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Marijuana Linked to Schizophrenia, Depression

Study finds young users especially vulnerable

THURSDAY, Nov. 21, 2002 (HealthDayNews) -- As many as one in seven cases of schizophrenia could be prevented by eradicating marijuana.

That's the contention of a new study of Swedish soldiers that found smoking pot increases the risk of the psychiatric disorder by about 30 percent.

The Swedish study is one of three reports in this week's British Medical Journal linking marijuana to emotional problems, including depression and anxiety, as well as schizophrenia.

Some scientists believe marijuana doesn't cause psychiatric illness. Rather, they argue, people smoke it as a way to self-medicate. However, the authors of the Swedish study say their evidence suggests that now seems unlikely.

"It's not as good an explanation than the possibility that cannabis itself causes schizophrenia," says Dr. Stanley Zammit, a psychiatrist at the University of Wales College of Medicine in Cardiff and lead author of the new paper.

Zammit and his colleagues compared schizophrenia rates and marijuana use among more than 50,000 Swedish conscripts who participated in a 1969-1970 survey. Of those, 362, or about 0.7 percent, had been hospitalized with the disorder by 1996.

Of the 11 percent of the entire group that admitted ever trying marijuana, 73, or 1.4 percent, went on to be hospitalized for schizophrenia. The odds of having the disease grew as pot use climbed, reaching nearly a sevenfold increase in the men who used it 50 times or more but tried no other illegal drugs, the study says.

The effect was strongest among soldiers who developed schizophrenia within five years of entering the military. It held after the researchers accounted for use of alcohol and other drugs.

"You would expect that if there was a common reason for using substances, that would have eliminated" the influence of marijuana, Zammit says.

The second study in the British Medical Journal, of 759 New Zealanders, found that those who started smoking pot by the time they were 15 years old had quadruple the risk of non-users of being diagnosed by age 26 with schizophrenia and related disorders. That risk didn't hold for people who began taking the drug at age 18 or later. The study also found that 10 percent of the young smokers went on to develop psychosis, compared with 3 percent of the rest of the study group.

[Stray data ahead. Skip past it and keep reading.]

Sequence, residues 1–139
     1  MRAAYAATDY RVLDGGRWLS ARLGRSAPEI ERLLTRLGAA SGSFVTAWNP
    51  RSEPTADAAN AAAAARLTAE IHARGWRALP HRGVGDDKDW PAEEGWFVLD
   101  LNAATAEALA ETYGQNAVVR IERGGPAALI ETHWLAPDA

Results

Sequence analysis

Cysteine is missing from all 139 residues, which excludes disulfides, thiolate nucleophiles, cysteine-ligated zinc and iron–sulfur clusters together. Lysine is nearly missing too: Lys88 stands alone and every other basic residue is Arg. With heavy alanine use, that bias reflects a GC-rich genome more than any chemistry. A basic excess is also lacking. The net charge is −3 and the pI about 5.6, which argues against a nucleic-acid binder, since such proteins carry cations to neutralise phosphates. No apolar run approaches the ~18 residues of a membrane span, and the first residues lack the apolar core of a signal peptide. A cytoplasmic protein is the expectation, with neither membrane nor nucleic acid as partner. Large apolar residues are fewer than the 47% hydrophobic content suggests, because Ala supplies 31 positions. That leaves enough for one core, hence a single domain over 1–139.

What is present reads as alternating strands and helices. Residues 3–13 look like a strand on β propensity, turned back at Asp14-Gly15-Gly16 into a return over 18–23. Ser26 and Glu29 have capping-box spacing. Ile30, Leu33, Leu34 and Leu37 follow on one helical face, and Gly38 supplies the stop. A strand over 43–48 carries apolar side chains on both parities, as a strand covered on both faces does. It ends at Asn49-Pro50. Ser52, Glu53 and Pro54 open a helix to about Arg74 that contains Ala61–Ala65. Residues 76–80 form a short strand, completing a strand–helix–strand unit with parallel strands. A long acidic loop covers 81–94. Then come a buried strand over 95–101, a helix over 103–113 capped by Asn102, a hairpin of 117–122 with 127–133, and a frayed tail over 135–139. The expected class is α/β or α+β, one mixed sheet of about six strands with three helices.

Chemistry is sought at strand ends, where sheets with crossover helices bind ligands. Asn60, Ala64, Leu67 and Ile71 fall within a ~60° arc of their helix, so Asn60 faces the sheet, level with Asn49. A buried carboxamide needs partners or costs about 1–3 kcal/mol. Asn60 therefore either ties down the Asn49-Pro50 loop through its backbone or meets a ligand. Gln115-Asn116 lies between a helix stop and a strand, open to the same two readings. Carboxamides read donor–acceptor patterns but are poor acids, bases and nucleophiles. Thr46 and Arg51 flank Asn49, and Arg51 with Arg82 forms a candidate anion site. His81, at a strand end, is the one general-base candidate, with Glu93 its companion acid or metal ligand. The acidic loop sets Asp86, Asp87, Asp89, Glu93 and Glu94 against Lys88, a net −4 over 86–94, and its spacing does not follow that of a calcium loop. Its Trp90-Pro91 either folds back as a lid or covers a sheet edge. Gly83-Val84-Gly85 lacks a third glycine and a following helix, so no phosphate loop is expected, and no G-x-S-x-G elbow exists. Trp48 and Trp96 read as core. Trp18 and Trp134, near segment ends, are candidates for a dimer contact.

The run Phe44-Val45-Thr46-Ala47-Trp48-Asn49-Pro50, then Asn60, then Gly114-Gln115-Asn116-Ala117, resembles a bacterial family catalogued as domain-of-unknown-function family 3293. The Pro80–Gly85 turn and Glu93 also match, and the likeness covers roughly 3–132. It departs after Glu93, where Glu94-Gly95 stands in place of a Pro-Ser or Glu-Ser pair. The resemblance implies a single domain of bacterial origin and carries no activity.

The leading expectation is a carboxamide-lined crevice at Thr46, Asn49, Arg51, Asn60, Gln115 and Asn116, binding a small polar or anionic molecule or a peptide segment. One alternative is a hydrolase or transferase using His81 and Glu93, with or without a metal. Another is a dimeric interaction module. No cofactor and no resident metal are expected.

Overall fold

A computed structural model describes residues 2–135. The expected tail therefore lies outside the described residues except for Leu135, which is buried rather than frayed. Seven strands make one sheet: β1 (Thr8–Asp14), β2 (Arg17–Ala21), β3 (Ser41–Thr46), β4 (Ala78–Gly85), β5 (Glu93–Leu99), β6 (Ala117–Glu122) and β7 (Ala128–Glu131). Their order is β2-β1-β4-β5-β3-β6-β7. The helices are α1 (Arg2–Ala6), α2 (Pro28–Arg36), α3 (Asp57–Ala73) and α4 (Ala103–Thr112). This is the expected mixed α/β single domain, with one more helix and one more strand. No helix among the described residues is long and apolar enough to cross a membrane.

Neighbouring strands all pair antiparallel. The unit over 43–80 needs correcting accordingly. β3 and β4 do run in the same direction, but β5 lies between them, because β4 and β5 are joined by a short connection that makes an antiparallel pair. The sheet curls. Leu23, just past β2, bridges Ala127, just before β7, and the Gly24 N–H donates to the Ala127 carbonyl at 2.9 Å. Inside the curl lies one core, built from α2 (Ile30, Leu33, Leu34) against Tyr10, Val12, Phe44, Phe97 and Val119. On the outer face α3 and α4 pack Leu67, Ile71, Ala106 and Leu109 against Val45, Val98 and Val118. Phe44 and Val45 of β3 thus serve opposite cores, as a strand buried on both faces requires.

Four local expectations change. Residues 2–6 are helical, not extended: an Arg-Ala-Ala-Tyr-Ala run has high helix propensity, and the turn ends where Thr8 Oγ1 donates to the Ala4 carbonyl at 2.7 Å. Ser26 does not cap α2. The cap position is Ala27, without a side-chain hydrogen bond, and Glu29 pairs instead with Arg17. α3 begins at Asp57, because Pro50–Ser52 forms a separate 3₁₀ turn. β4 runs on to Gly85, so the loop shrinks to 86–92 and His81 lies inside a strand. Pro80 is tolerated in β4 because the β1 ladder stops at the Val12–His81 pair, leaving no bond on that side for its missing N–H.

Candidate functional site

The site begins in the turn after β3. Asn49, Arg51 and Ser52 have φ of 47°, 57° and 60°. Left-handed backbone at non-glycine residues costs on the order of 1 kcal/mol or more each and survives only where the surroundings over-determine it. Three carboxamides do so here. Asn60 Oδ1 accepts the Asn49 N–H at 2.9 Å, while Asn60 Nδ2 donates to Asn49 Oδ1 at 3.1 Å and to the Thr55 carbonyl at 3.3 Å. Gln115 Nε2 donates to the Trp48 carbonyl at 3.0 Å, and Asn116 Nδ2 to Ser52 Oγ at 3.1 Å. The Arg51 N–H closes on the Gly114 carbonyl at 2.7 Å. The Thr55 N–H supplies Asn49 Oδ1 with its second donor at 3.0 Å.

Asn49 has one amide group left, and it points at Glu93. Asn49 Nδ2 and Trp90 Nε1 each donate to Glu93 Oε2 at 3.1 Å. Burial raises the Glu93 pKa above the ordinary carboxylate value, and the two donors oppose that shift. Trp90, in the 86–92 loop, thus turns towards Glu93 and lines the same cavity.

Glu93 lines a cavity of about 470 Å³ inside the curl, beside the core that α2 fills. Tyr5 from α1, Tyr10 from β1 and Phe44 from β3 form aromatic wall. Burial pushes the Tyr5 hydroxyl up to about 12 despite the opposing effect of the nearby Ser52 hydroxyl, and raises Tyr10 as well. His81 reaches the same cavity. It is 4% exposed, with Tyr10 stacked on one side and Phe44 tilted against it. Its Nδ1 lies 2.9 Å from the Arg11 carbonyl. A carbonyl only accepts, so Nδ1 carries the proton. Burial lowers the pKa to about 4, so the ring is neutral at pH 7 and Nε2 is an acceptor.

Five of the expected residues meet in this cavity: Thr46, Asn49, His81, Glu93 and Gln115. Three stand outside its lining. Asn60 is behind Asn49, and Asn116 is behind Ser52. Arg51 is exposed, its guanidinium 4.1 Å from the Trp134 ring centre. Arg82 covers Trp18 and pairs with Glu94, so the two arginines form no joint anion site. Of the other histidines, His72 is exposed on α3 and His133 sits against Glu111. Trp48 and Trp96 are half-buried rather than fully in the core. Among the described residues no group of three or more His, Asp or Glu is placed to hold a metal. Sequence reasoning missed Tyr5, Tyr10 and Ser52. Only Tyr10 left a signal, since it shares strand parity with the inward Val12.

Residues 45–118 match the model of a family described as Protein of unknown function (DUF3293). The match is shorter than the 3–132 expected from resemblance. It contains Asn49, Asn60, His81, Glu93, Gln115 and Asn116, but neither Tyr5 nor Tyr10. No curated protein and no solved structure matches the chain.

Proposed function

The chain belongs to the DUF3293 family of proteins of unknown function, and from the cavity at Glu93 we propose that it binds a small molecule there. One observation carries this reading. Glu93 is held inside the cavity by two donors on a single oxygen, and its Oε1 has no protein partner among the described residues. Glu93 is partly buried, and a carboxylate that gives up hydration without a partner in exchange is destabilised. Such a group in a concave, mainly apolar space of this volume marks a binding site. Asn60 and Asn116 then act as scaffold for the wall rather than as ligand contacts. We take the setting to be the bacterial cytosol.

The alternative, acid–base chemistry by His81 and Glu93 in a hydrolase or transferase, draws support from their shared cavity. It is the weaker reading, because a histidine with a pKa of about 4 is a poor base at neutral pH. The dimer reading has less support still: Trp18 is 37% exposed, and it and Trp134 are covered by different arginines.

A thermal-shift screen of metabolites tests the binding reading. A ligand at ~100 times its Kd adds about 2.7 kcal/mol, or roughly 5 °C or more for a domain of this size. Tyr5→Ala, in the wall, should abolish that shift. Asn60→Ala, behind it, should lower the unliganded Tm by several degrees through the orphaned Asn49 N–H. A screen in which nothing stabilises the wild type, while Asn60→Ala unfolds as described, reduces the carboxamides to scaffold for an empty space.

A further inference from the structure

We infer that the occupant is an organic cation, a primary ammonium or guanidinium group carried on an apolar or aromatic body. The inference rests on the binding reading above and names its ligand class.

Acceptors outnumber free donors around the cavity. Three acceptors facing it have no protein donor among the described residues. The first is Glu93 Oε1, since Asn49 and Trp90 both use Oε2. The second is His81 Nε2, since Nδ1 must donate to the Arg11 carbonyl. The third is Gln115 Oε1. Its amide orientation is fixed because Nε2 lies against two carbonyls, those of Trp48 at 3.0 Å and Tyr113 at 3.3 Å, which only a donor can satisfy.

Louise Arseneault, a psychiatrist at King's College, London, and a co-author of the study, says marijuana use "predisposes" children to schizophrenia later in life.

"It's part of a complex group of causes. You don't need to smoke cannabis to have schizophrenia," Arseneault says. "A lot of people have it who didn't smoke, and a lot smoke but don't get it."

In the third study, scientists in Australia found that teens who smoked marijuana at least once a week were twice as likely as less frequent users to suffer depression or anxiety over the next seven years. Girls who used the drug every day had between five and six times the rate of these conditions as non-users.

The study also found that teens with emotional problems at the beginning of the study weren't more likely to take up marijuana in the future -- suggesting that self-medication wasn't a factor.

Michael Lynskey, a psychiatrist at Washington University in St. Louis and a co-author of the Australian study, says he "wouldn't want to make a definitive statement either way" about whether marijuana causes psychosis or depression. Even a doubling of the risk of depression is considered a relatively small increase, he says. So the effect of marijuana is probably modest.

However, research shows that people who take THC, the active ingredient in pot, to control nausea are more prone to depression, Lynskey says. He considers that "strong evidence" that marijuana can play a role in depression.

What To Do

To find out more about schizophrenia, visit the National Alliance for Research on Schizophrenia and Depression. For more on the health risks of marijuana, see Harvard University.

SOURCES: Michael Lynskey, Ph.D., visiting assistant professor, psychiatry, Washington University, St. Louis; Louise Arseneault, Ph.D., lecturer, SGDP Research Center, King's College, London; Stanley Zammit, MRC Psych., clinical research fellow, University of Wales College of Medicine, Cardiff, U.K.; Nov. 23, 2002, British Medical Journal
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